Millions of people nationwide struggle to pay their rent, and in many places only the privileged can afford to buy a home.
When housing costs eat up most of a person’s paycheck, they often have to make sacrifices, foregoing healthcare, education, and sometimes even food.
The nation’s lack of affordable housing perpetuates cycles of poverty and keeps millions from living to their full potential.
In honor of Poverty Awareness Month, we present these five facts about the affordable housing crisis.
1. 1 in 4 renters pay half their income on rent.
One in four renters, or 11.2 million households, were “severely burdened by rents that took up over half their incomes,” according to a report by the Joint Center for Housing Studies of Harvard University.
When housing costs are this high, saving for a rainy day becomes impossible. People are forced to live paycheck to paycheck, hoping that an unexpected medical emergency doesn’t arise, hoping that their car doesn’t suddenly break down.
2. Only 28 of every 100 extremely low-income renter households in the U.S. are able to find decent, affordable homes.
This depressing statistic is from 2013, the most recent year data is available. In 2000, there were 37 apartments for every 100 extremely low-income households.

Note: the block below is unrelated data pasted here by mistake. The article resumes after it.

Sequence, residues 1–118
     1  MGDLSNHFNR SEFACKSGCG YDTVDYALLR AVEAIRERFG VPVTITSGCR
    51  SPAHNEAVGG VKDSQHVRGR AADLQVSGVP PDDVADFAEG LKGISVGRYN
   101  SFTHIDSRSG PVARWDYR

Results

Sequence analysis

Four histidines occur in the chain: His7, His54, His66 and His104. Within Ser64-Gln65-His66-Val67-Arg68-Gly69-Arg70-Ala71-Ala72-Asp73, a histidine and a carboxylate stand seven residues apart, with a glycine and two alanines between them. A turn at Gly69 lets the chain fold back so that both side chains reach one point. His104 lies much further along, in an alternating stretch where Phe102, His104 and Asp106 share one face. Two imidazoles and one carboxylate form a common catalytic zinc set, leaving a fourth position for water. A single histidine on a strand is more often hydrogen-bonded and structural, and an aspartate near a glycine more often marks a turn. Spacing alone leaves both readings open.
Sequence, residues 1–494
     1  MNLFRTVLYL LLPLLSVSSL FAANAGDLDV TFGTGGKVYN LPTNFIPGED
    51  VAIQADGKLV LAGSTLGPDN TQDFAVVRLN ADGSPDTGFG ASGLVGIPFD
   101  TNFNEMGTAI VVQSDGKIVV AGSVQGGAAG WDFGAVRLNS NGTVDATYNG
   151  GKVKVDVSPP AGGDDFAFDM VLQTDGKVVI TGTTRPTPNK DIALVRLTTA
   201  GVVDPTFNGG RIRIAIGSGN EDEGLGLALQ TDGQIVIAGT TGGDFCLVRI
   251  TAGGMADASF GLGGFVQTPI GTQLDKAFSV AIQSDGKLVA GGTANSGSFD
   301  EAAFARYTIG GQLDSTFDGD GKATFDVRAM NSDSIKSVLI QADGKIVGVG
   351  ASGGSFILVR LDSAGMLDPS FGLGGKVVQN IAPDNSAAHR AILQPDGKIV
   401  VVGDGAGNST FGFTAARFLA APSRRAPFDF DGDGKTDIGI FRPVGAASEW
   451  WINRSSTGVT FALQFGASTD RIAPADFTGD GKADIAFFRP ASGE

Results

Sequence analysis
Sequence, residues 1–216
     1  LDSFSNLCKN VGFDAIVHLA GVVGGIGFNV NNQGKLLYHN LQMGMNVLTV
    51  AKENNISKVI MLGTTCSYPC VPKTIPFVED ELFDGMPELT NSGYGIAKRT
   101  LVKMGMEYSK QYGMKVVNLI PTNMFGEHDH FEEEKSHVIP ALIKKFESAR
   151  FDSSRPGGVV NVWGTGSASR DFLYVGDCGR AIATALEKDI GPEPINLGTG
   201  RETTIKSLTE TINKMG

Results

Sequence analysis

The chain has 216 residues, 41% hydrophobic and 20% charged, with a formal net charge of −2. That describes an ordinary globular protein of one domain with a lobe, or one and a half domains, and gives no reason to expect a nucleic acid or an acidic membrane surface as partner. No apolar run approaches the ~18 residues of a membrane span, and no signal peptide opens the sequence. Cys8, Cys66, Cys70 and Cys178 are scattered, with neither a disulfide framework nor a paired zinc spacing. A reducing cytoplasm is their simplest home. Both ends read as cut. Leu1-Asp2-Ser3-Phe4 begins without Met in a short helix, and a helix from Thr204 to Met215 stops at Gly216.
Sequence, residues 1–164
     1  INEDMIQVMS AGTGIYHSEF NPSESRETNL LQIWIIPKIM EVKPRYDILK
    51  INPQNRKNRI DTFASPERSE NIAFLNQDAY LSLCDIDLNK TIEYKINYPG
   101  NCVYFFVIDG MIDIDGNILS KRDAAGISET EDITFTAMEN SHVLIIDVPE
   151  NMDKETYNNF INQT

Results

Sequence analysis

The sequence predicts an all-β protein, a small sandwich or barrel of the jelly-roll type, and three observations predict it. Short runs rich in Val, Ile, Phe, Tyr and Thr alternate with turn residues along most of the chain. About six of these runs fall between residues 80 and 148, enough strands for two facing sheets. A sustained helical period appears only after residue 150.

This depressing statistic also shows that there is a desperate need for more investment in affordable housing, not less.
3. About half of poor rural Americans have housing expenses that are more than half of their incomes.
Cities aren’t the only places where it’s difficult to find affordable housing; people living in rural areas struggle as well. The rural poverty rate is 17.7 percent, three percent higher than in urban areas, and incomes are 20 percent lower than the national median income. And it doesn’t look like the situation is going to get better any time soon. Funding for these areas has been cut by 75 percent over the past 40 years, Bob Rapoza, Executive Secretary of the National Rural Housing Coalition, told Curbed Magazine.
4. Rents in Seattle, Washington are projected to increase by 7.2% in 2017.
In 2013, rents in Seattle grew 3.9%. Seattle has the hottest rental market, followed by Portland, Oregon and Denver, Colorado. Find out if your city is on the top ten list here.
5. The number of poor households has risen steadily over the past 30 years, but the number of households getting rental assistance has remained the same.
The situation is made worse by the fact that federal funding for rental apartments hasn’t increased in the past 15 years.